With Humayun and his entire force bottle up in Bengal, Sher Shah now blocked the passes into Bengal from the west. Rather late in his appreciation, Humayun realised that he had to move out of Bengal, even though the urgency to do so was lost on him. As usual he was tardy in making his way out, with the result that by the time the Mughal army started its march out of Bengal, the monsoons had once again arrived on its shores. The move back, or more correctly the retreat, of the Mughal army was untidy at best and really a morale-sapping homeward march of a broken army. There is no exaggeration in stating that the ‘army’ that reached Bihar was a ragtag bunch of undisciplined auxiliary levies that did not in any manner resemble the war-winning army that Babur had created.

Sher Shah, ever the shrewd strategist, was at this time still besieging Jaunpur. On the Mughal force arriving in eastern Bihar, he lifted the siege, crossed the River Ganga and moved to South Bihar. He was still unwilling to engage the Mughals in a pitched battle and therefore decided to adopt guerrilla tactics to harass an already tired army. This decision clearly demonstrated Sher Shah’s one predominant and fundamental character trait—that of extreme caution. After all, coming from extremely humble beginnings, he had not risen to be king and emperor by being reckless or impulsive in his words and deeds. He knew that he was facing a broken army, which was devoid of brilliant leadership that may have made a difference to the outcome of a battle, but was still reluctant to gamble all that he had so far achieved on the outcome of a single battle. Caution made him throw away this chance at assured victory and control of the entire Gangetic Plain. Further demonstration of his abundant caution was the fact that he kept his own route of retreat to Bengal open at all times.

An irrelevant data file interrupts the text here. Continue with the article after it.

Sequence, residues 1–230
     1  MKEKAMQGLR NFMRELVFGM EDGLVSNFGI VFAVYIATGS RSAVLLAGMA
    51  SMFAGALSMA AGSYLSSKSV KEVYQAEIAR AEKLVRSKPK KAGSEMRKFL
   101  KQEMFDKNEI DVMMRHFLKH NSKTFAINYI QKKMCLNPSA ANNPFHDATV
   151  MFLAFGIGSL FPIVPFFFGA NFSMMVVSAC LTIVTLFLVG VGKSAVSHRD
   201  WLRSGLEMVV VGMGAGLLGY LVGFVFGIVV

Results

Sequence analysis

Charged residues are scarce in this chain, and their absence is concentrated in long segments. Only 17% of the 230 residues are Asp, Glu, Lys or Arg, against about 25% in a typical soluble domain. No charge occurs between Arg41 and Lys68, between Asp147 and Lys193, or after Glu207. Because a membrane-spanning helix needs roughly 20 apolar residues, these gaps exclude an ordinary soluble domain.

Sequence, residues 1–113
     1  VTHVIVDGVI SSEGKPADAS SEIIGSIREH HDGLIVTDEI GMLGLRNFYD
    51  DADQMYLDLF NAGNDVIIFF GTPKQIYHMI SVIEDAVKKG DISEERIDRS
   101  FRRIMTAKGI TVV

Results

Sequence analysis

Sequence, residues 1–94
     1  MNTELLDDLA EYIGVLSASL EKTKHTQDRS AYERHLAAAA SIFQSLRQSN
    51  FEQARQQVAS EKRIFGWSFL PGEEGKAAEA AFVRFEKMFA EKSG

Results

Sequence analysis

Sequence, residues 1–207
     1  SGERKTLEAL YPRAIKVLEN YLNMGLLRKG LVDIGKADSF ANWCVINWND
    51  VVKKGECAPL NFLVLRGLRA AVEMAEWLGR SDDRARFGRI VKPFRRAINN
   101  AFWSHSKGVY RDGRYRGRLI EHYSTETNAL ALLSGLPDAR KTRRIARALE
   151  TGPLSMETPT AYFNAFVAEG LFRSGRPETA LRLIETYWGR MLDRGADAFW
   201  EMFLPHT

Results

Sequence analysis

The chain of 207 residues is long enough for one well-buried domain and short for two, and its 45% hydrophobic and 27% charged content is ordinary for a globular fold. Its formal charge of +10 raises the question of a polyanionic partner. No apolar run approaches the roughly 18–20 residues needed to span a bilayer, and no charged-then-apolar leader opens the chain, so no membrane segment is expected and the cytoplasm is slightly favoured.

Humayun on the other hand was a highly impulsive military commander, more often than not side-tracked easily into celebrations and parties, being satisfied with minor victories even in the midst of serious military campaigns. Humayun watched the Afghan army cross to the opposite side of the river and also decided to cross to the southern bank, for no strategic reason other than ego satisfaction; after all how could he stay on one side of River Ganga when the ‘rebel’, as Humayun continued to consider Sher Shah, was on the other side. The Mughal army was in slightly better fettle than when it had come out of Bengal. Humayun now began to move along the River Ganga, past Patna, crossed the River Son and reached a place called Chausa, at the confluence of the Rivers Karmanasa, meaning destroyer of karma, and Ganga. Throughout this march, Afghan scouts had followed the Mughal army, harassing the rear at every opportunity, skirmishing but never giving major battle at any time.

The Imminence of Battle

When the Mughal army camped on the banks of the River Karmanasa, Sher Shah considered it time to change his strategy and decided to engage Humayun in full-fledged battle. The decision must have been based on the facts that the morale of the Mughal army was at its lowest ebb; they were facing logistic challenges; and he had overwhelming superiority of forces—numerically and in capability. Sher Shah now emerged from his position in South Bihar, skirted the Mughal army, crossed the River Karmanasa and appeared directly in front of the Mughal army. The armies now faced each other, on either banks of the river at Chausa. Sher Shah was now effectively blocking Humayun’s path to Agra and if the Mughal wanted to return to his capital, he had no option but to fight his way out.